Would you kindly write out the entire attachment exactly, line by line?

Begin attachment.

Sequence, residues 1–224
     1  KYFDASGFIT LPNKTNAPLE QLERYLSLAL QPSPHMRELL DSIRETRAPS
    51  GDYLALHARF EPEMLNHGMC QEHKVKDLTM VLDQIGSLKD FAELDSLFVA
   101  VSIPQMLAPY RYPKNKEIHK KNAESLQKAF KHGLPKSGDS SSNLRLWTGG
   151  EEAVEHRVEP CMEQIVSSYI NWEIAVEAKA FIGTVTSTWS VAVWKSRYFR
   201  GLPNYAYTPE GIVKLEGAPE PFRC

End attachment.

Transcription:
Sequence, residues 1–224
     1  KYFDASGFIT LPNKTNAPLE QLERYLSLAL QPSPHMRELL DSIRETRAPS
    51  GDYLALHARF EPEMLNHGMC QEHKVKDLTM VLDQIGSLKD FAELDSLFVA
   101  VSIPQMLAPY RYPKNKEIHK KNAESLQKAF KHGLPKSGDS SSNLRLWTGG
   151  EEAVEHRVEP CMEQIVSSYI NWEIAVEAKA FIGTVTSTWS VAVWKSRYFR
   201  GLPNYAYTPE GIVKLEGAPE PFRC